THIS WOULD BE A SITUATION OF CONCURRENT JURISDICTION, BETWEEN THE
UNITED STATES AND THE FOREIGN GOVERNMENT, DEPENDING ON THE LAWS OF THE
OTHER NATION. AN AMERICAN (SOLDIER OR CIVILIAN) WHO COMMITS A CRIME IN A
FOREIGN COUNTRY IS SUBJECT TO THE LAWS OF THAT NATION. WE WILL RETURN TO
THIS ISSUE SHORTLY.
h. The U.S. Magistrate's court system. As we have already seen, a civilian
who commits a crime on post may be apprehended by military law enforcement
Since there is no court-martial jurisdiction over civilians, except
during declared wars, the civilian offender can only be prosecuted in civilian
court. Not all crimes, however, are going to be referred to the U.S. Attorney for
prosecution. While felonies will generally be so referred, this is not true of all
misdemeanors. The U.S. Attorney's Office may be too involved with the prosecution
of other felony cases to handle all of the military cases, particularly the
An alternative is the U.S. Magistrate's Court System: "Any
individual military or civilian, who commits a misdemeanor in an area of exclusive
or concurrent federal jurisdiction a military installation located within the
judicial district of a U.S. District Court may be prosecuted before a U.S.
Magistrate." (AR 27-40, paragraph 6-5a.)
The U.S. Magistrate is a federal judge "designated to try misdemeanors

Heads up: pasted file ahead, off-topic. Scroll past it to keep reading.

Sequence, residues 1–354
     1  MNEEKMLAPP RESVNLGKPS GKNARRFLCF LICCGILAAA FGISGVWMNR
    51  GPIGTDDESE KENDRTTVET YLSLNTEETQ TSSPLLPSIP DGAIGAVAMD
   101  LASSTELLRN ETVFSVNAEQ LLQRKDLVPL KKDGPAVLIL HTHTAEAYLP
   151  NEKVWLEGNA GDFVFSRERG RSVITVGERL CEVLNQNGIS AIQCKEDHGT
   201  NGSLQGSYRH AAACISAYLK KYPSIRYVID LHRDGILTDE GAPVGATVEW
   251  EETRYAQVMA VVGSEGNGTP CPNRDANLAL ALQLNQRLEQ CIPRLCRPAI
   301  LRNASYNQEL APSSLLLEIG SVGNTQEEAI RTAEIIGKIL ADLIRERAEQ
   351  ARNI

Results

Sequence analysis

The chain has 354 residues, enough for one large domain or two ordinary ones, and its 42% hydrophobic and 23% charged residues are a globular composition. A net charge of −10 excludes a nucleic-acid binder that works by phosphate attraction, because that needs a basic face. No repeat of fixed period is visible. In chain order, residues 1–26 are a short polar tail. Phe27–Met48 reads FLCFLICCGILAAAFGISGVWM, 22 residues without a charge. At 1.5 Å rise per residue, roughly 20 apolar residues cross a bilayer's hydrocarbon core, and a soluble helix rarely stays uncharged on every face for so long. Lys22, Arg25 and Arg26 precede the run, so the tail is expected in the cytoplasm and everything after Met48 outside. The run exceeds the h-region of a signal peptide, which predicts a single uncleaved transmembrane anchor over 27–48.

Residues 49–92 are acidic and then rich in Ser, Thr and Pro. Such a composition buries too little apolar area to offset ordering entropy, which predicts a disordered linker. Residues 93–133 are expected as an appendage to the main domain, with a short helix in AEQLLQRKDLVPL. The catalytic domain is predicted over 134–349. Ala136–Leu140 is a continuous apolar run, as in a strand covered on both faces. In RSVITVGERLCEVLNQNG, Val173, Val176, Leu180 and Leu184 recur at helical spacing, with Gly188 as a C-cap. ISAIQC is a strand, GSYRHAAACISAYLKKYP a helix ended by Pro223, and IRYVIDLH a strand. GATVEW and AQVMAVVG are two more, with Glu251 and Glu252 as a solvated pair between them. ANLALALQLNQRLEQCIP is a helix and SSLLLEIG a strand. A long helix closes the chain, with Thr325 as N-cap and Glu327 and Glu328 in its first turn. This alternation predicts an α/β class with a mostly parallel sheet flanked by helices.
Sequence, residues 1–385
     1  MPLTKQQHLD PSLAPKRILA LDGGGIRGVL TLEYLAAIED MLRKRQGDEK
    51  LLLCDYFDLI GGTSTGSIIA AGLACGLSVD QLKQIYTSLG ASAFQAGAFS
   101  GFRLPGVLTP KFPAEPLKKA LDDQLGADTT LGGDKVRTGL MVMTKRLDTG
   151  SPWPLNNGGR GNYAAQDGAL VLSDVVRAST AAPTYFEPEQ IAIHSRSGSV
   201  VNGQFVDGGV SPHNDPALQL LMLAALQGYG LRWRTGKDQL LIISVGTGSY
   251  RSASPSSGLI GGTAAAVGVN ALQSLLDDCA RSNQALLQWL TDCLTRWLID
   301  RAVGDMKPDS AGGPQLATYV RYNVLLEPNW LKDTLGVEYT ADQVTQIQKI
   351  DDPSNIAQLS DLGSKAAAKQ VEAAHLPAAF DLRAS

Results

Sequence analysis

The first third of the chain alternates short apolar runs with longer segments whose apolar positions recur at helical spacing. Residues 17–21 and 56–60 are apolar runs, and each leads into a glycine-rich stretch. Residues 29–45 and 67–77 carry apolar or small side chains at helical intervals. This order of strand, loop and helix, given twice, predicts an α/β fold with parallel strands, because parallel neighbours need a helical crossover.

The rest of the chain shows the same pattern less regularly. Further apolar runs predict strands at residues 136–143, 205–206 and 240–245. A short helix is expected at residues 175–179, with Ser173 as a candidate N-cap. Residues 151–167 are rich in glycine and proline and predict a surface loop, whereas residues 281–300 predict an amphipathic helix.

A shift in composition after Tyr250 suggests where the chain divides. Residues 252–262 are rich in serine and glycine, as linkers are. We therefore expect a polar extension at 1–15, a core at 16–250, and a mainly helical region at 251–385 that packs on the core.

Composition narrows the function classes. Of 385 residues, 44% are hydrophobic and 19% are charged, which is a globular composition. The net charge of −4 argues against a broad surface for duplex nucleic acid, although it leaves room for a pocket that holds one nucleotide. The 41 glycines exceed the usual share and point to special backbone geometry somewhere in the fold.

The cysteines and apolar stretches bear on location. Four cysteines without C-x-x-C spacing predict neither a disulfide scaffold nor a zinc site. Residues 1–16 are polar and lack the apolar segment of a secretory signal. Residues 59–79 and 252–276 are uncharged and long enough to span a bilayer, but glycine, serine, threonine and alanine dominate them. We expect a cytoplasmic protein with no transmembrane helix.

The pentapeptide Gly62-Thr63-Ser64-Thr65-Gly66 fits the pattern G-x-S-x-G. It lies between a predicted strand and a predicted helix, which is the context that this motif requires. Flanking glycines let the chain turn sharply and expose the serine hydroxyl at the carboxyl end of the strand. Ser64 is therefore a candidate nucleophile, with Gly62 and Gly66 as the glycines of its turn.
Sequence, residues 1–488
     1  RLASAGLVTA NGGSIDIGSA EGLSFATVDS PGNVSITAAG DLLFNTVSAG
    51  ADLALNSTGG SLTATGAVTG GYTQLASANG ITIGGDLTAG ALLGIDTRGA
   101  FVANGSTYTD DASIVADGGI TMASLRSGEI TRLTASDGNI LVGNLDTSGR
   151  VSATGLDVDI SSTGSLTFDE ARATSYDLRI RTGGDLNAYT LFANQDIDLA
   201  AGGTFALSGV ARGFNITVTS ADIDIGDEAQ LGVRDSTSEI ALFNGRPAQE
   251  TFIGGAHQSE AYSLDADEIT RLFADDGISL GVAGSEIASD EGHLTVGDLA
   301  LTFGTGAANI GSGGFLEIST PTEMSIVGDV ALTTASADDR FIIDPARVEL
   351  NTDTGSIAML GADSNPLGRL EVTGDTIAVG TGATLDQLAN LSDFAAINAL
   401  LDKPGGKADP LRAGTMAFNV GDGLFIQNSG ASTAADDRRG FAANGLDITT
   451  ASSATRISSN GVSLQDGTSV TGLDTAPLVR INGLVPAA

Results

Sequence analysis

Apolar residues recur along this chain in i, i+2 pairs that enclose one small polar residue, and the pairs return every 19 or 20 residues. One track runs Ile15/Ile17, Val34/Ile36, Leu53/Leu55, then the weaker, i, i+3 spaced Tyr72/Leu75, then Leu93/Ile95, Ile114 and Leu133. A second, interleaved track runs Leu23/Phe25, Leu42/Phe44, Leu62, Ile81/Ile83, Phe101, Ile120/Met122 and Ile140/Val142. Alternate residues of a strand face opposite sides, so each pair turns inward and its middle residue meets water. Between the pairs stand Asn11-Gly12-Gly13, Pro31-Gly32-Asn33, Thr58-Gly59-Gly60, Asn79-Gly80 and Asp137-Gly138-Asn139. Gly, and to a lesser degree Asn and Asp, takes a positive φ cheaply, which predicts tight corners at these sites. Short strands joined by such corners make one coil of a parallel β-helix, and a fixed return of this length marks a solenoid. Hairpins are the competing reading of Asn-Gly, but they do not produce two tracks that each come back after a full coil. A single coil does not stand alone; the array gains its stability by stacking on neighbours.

committed on an installation." (AR 27-40, paragraph 6-5b.) An attorney from the
SJA office will normally act as the prosecutor (AR 27-40, paragraph 6-3-1).
Magistrate "shall have jurisdiction to try persons accused of, and sentence persons
convicted of, misdemeanors." (18 USC Section 3401a.) The U.S. Magistrate's Court
also has jurisdiction over juveniles who commit on-post misdemeanors (18 USC
The purposes of this system include "convenience to the public" and the
"enforcement of misdemeanor laws on Army installations." (AR 190-29, paragraph 6.)
It is a federal court, as was noted.
Cases most frequently tried here include
larceny, assault, and traffic offenses. Since the court's jurisdiction is limited
to the trial of misdemeanor cases, it may not impose a sentence of imprisonment in
excess of one year. The magistrate may not sentence a juvenile who is tried as a
juvenile to any period of confinement. [18 USC Section 3401(g)].
Offenders are cited to appear in U.S. Magistrate's Court by the issuance of
DD Form 1805 (Citation).
Some offenses allow for a mail-in fine, while others
require a court appearance (AR 190-29, paragraph 7). The trial of a juvenile may
necessitate a certification by the U.S.
Attorney that the state juvenile court
"lacks jurisdiction, refuses to assume jurisdiction, or does not have adequate
programs and services available."
(AR 190-29, paragraph 15.)
This will, of
course, require coordination between the SJA and the local civil authorities.